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The Biggest GDPR Fines of 2023

The financial penalties for breaching the GDPR can be staggering, running into hundreds of millions of euro.

by Niall McCarthy 5 min

    Europe’s General Data Protection Regulation (GDPR) contains hundreds of pages’ worth of requirements and it is considered one of the toughest privacy and security laws globally. In effect since May 25, 2018, the regulation imposes obligations on organisations anywhere in the world as long as they target or collect data related to people in the EU.

    The scale and complexity of the GDPR has turned it into a daunting prospect for compliance departments, though the availability of state-of-the art integrated compliance management platforms has helped ease the burden.

    Nevertheless, breaches are serious and fines regularly run into hundreds of millions of euro with a record penalty smashing the billion threshold last year. This article looks back at the biggest fines of 2023.

    1. Meta – €1.2 billion (Ireland)

    In May 2023, Ireland’s Data Protection Commission imposed a record $1.2 billion fine on Facebook owner Meta. The mammoth penalty related to the transfer of European Facebook user data to the United States without sufficient protection from Washington’s intelligence agencies. Meta was also ordered to suspend the transfer of user data between the EU and the US within six months. Andrea Jelinek, Chair of the European Data Protection Board, said: “The EDPB found that Meta IE’s infringement is very serious since it concerns transfers that are systematic, repetitive and continuous. Facebook has millions of users in Europe, so the volume of personal data transferred is massive. The unprecedented fine is a strong signal to organisations that serious infringements have far-reaching consequences.” 

    2. Meta – €390 million (Ireland)

    The Irish Data Protection Commission also slapped Meta with the second-highest penalty of 2023 when two fines were imposed on the company adding up to a collective €390 million. The decision was announced on 4 January 2023 with a €210 million fine relating to GDPR breaches by Facebook and a further €180 million penalty due to breaches by Instagram. Whereas Meta used to rely on users providing their informed consent to be served with personalised and behavioural advertisements, it later added a clause whereby users were effectively forced to agree that their data could be used, leading to the January 2023 fine.  

    3. TikTok – €345 million (Ireland)

    Irish regulators fined TikTok €345 million after an investigation found that the platform improperly processed children’s data. It examined the age verification aspect of the registration phase and the processing of children’s personal data between 31 July and 31 December 2020. The investigation found that videos posted to children’s user accounts were public by default while comments were also enabled by default. The Chinese-owned-platform said that it “respectfully disagreed” with the scale of the fine imposed.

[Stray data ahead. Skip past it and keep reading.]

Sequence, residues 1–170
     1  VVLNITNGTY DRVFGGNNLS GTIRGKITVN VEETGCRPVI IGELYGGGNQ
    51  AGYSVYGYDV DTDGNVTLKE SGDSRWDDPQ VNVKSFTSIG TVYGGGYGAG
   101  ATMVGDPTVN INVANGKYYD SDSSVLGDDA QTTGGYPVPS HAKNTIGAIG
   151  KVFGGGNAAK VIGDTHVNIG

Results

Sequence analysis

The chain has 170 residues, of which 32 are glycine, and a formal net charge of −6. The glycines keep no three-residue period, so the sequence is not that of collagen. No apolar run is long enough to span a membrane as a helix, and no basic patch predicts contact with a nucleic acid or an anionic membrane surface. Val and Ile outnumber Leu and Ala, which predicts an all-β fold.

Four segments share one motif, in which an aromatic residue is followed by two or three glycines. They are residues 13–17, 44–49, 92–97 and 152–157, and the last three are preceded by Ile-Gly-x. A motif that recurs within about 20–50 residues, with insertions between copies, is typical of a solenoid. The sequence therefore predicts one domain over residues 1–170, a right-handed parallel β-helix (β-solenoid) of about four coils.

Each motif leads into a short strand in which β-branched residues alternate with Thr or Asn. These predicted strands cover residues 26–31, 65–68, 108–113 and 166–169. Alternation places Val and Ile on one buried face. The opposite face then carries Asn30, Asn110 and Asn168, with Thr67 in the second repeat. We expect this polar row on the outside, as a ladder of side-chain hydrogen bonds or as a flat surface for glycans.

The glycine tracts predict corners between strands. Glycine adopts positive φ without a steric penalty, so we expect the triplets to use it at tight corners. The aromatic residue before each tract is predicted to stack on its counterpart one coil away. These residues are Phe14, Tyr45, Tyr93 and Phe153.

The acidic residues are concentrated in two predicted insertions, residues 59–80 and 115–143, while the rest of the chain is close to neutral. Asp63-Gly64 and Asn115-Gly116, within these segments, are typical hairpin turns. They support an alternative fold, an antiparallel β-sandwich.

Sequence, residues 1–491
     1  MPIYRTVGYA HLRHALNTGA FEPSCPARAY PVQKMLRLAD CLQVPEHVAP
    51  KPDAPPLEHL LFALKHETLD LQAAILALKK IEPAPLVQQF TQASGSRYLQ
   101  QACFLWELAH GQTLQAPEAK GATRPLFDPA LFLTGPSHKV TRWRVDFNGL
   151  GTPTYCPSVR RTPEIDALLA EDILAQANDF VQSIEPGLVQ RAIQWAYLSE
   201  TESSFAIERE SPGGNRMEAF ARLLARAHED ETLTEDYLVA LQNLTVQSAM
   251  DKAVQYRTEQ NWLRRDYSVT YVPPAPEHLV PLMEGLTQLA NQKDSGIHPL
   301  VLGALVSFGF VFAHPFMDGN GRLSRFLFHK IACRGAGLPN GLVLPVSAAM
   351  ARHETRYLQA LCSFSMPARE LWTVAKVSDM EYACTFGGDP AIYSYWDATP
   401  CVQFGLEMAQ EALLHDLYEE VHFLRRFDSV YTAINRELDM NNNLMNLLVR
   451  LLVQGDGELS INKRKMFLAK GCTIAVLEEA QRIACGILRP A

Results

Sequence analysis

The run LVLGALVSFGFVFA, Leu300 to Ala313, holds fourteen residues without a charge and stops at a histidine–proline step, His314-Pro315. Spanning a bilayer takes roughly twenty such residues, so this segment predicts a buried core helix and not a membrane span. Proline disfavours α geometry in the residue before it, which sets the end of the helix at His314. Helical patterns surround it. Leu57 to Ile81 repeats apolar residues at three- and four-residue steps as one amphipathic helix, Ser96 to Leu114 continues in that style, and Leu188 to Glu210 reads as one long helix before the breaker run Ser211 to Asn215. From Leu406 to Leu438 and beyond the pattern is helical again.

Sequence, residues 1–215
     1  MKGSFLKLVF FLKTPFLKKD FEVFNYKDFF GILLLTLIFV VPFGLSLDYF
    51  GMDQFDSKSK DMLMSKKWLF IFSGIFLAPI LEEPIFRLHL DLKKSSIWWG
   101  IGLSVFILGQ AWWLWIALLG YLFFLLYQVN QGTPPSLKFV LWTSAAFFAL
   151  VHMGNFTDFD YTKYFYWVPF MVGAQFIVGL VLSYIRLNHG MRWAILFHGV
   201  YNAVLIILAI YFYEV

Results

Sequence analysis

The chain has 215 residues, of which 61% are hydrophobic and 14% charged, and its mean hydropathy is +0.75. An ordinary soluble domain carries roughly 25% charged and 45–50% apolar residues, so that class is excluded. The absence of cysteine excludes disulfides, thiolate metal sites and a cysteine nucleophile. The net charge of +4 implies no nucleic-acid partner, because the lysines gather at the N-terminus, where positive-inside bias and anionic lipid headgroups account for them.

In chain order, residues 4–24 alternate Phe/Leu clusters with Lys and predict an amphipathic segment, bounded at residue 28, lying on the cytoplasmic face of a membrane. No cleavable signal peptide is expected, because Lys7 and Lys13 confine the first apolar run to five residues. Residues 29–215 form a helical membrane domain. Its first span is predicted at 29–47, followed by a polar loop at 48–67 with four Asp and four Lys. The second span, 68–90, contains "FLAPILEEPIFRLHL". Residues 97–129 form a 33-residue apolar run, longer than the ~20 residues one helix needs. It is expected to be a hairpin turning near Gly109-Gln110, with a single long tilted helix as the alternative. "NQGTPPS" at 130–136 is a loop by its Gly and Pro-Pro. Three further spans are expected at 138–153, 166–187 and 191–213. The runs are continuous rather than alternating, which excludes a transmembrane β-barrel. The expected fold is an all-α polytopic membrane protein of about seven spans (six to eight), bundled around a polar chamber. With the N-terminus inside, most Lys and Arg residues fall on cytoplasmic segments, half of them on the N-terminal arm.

4. Criteo – €40 million (France)

    French advertising technology company Criteo was fined €40 million by France’s Data Protection Authority (CNIL) for GDPR breaches related to targeted advertising. CNIL stated that it found fine GDPR infringements after the company used tracking and data processing techniques to profile internet users for more specific ads. Criteo argued that this “behavioral retargeting” was not deliberate and that the fine was disproportionate compared to the penalties handed out to US tech companies. This resulted in CNIL reducing the initial sum by a third.  

    5. TikTok – €14.5 million (UK)

    The UK’s Information Commissioner’s Office fined TikTok €14.5 million for failing to comply with data protection principles under the GDPR after allowed children under the age of 13 were allowed to create accounts on the platform. This was in violation of the GDPR’s requirement for organisations to obtain parental consent for the collection and processing of data from children under 13 yeas of ageIn addition to a lack of adequate measures to prevent children from accessing the platform, TikTok also failed to provide information to children about how their data would be collected and processed.  

    6. Axpo Italia Spa – €10 million (Italy)

    Garante, the Italian Data Protection Authority, imposed a €10 million fine on Axpo Italia in late September 2023. The producer and trader of renewable energy products was penalized for processing outdated and inaccurate customer data, violating Articles 5(1)(a), 5(1)(d), 5(2), and 24 of the GDPR. It was found that Axpo acquired new electricity and gas contracts through a network of sales agents and sub-agents without having appropriate procedures in place to ensure the data corresponded to the actual users. On top of the fine, Garante ordered Axpo to adopt a series of corrective measures.